There is just something about dots that make them the quintessential art project embellishment.
I don’t know if anyone loves them quite as much as Yayoi Kusama, who’s out of this world artwork inspires art teachers everywhere. Kusama is one of those highly relatable artist’s for young students. Her artwork is approachable, whimsical and covered in dots!
But having kids paint dots is not always an easy task. I tried my best to do Kusama justice by coming up with different ways children could make polka dots as easily as possible…stencils, stamps, a hole punch, even clay to add a 3D element.
Here are a few techniques that I just loved…
I created this polka dot technique quite by accident. I had some tag board lying around and a big hole punch that I got from Michael’s craft store a while back. It’s a Martha Stewart Brand and is widely available in most of the stores.
I was using the tag board to punch out dots for a Kasuma project that I was doing for members of The Sparklers Club.
As I was amassing the punched out dots, I ended up with a stencil.
Instead of throwing out the hole-laden tag board, I turned it into another way students could create nicely rounded dots.
All you need is thick paint like premium liquid tempera paint or acrylic paints and a flat brush.
I used thick liquid tempera paint (Crayola) and dabbed the paint onto regular sulphite paper from Tru-Ray. (80 lbs)
This technique is pretty common in the art room but just in case you haven’t done this before, you simply must. It’s wonderfully satisfying with the repetitive dots and colorful results.
I used liquid tempera paint, regular all-purpose sulphite paper and good old Q-Tips (this brand is best as the tips are thick).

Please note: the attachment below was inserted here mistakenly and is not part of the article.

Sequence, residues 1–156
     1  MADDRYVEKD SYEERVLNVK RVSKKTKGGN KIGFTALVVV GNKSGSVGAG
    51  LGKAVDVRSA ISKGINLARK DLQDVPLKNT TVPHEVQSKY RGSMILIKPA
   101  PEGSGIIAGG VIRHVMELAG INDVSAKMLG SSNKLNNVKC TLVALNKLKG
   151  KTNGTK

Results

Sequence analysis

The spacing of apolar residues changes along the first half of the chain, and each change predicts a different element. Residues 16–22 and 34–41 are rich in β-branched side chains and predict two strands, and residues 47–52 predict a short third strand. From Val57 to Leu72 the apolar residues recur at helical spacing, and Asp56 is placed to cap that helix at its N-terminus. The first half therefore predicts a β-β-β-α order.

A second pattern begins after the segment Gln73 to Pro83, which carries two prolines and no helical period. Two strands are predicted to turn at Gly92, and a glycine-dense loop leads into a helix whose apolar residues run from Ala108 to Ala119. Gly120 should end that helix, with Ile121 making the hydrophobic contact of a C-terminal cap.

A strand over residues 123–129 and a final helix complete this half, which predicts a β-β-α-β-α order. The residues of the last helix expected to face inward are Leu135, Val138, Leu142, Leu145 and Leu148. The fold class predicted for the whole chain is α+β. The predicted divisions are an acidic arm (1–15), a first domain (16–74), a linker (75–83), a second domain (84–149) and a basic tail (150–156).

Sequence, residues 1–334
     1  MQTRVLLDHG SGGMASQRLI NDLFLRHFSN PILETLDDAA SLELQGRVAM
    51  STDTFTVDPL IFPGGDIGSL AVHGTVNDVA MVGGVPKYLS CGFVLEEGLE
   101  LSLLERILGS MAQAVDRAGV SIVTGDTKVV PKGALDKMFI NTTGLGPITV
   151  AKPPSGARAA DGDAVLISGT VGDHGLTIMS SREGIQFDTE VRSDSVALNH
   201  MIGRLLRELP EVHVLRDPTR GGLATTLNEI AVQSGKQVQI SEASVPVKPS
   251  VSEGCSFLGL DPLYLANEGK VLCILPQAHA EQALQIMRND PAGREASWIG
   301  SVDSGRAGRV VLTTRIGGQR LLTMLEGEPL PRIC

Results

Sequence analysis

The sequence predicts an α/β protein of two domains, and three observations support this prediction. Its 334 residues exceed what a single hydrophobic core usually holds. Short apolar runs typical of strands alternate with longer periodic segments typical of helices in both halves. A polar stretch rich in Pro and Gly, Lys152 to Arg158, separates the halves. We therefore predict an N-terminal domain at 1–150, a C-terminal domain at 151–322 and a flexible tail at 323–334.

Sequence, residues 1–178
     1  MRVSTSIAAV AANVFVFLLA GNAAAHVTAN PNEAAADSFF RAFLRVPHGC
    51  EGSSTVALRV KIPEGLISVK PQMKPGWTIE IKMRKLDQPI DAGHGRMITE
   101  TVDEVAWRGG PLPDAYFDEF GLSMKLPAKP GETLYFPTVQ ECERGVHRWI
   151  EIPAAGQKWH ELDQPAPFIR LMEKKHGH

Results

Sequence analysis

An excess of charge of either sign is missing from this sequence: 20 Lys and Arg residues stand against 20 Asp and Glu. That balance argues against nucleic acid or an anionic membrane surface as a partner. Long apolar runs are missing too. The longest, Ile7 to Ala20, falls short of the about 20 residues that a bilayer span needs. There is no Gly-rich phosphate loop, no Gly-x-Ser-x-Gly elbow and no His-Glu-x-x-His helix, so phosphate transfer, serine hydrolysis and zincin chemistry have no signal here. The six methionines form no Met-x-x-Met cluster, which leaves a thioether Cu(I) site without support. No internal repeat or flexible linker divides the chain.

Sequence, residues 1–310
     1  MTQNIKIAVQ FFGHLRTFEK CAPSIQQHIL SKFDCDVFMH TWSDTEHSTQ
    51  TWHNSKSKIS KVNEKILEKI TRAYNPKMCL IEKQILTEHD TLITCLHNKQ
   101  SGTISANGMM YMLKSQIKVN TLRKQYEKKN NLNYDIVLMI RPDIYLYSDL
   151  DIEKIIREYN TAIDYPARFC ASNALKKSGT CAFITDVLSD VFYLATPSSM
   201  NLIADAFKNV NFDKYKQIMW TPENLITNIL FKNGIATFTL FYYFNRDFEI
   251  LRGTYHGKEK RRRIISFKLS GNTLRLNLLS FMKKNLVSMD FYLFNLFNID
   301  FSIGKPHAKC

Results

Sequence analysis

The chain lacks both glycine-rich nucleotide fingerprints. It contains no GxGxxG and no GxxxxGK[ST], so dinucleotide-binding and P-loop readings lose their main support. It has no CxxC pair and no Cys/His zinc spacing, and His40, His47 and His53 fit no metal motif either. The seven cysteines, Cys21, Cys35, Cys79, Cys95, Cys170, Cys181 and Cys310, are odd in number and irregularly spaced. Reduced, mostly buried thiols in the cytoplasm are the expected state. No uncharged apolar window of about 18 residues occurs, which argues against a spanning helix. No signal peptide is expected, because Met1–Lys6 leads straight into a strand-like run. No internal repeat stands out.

Remember the dots from the first technique? This is what I do with them. Take a container of paper-punched dots, glue the paper with a glue stick and assemble over a colorful piece of paper.
And the best time to do this project is now!
International Dot Day, based on Peter Reynold’s book, The Dot, is coming up on September 15th.
If you haven’t read this book to your students yet, please consider putting it at the top of teacher to-do list right away. It’s just the BEST.
The Dot is the story of Vashti who is overwhelmed at the sight of a blank piece of paper. Her art teacher gently encourages her to explore art her way. Most art teachers consider Peter Reynold’s books essential reads for the art room as he addresses the issues children face when learning how to be an artist.
I did an entire episode of what things to do on dot day on Art Made Easy plus added a video of one of the projects, too. Check it out HERE.
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